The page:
Songfacts: I heard that Johnny Marr had given a guitar to Noel Gallagher.

Tom: Alex Turner from Arctic Monkeys said that when he wrote "Do I Wanna Know," that big song from their last album, he felt like that riff was hidden in the walls of that guitar. He plays that riff on a 12-string guitar.

Songfacts: Let's build on that a little bit. Is there a mystical element to songwriting? An artist will say, "A song just came to me." They'll write a song in, like, five or ten minutes. It was like something was writing the song through them. Has that ever happened to you.

Tom: I'd say "Blown Rose" was one of them, as well.

Songfacts: Did you write it quickly?

Tom: I write most of my songs quite quickly, to be honest with you. At least the ones that stick around. The best ones come really quickly.

Songfacts: That's what most people say.

Tom: "Getaway" is the quickest song I wrote. I think that's a great song on its own, on the acoustic, as well. I wrote that in like five minutes.

Songfacts: And there are songs that take time.

Tom: Like that song, "Texia," the middle eight for that song was written in the studio, but the rest of the song was around for, like, two years before that.

Songfacts: Who are the songwriters you would say most influenced you?

Tom: Alex Turner, Arctic Monkeys, Noel Gallagher, Paul McCartney, John Lennon. All the classics.

Songfacts: Not Bon Jovi?

Tom: No, I hate Bon Jovi. I can't stand Bon Jovi.

Songfacts: Do you have any guilty pleasures?

Tom: Yeah, like Cher's "Believe." I like that song. You can strip that back. The DMA's did a great version of it, and they stripped it back and showed what the song was. Like Britney Spears' "Toxic." That's a great pop song.

Songfacts: I think someone like Lady Gaga is a pretty amazing songwriter.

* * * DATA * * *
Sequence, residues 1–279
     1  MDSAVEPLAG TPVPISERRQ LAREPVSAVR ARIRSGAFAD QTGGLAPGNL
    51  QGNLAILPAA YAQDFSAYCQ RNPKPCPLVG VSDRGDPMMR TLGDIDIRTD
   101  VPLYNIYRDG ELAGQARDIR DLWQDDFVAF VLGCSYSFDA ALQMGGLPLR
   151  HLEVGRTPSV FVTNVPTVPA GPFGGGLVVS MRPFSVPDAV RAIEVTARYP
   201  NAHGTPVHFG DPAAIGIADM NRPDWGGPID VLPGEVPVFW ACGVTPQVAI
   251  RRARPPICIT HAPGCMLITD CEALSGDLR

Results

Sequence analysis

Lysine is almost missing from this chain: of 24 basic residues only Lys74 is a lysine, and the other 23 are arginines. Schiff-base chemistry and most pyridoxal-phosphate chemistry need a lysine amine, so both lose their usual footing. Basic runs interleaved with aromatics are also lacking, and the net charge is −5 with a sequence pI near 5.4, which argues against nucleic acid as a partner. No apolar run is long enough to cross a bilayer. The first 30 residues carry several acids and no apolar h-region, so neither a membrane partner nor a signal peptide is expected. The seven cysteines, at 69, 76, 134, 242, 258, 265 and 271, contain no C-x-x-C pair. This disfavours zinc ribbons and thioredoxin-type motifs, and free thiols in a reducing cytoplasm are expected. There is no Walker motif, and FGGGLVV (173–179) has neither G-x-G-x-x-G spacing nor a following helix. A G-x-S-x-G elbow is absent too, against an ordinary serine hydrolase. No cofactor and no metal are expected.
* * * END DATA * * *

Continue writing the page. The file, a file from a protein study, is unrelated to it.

Tom: She was a songwriter before she was Lady Gaga, right?

Songfacts: Right. Can you think of songs that impact your fans the most? Are there any songs that get more response than others?

Tom: Some songs have gotten radio exposure, so they've gained a lot of attention. There's a song called "My Favorite Room" which I play on just an acoustic guitar and the crowd will sing back every single word.

Songfacts: What does that feel like? I'm a writer, so I don't know what it's like to hear somebody singing back my songs.

Tom: It's surreal. Some of the best feelings.

Songfacts: Are you happy with everything that's come with success?

Tom: Yeah.

Songfacts: So, the songs that have become singles, are not songs you're going to regret one day?

Tom: We like pop songs, so a lot of songs we write can be singles.

June 20, 2017.
Get more at blossomsband.co.uk.

    About the Author:

    Dan MacIntoshBased in Norwalk, California with a big fancy degree in Communications from California State University, Fullerton, Dan specializes in Country and Contemporary Christian music. He's also written for Popmatters and Spin.com. In the Songfacts band, he would play guitar, but so far record companies have not come calling.More from Dan MacIntosh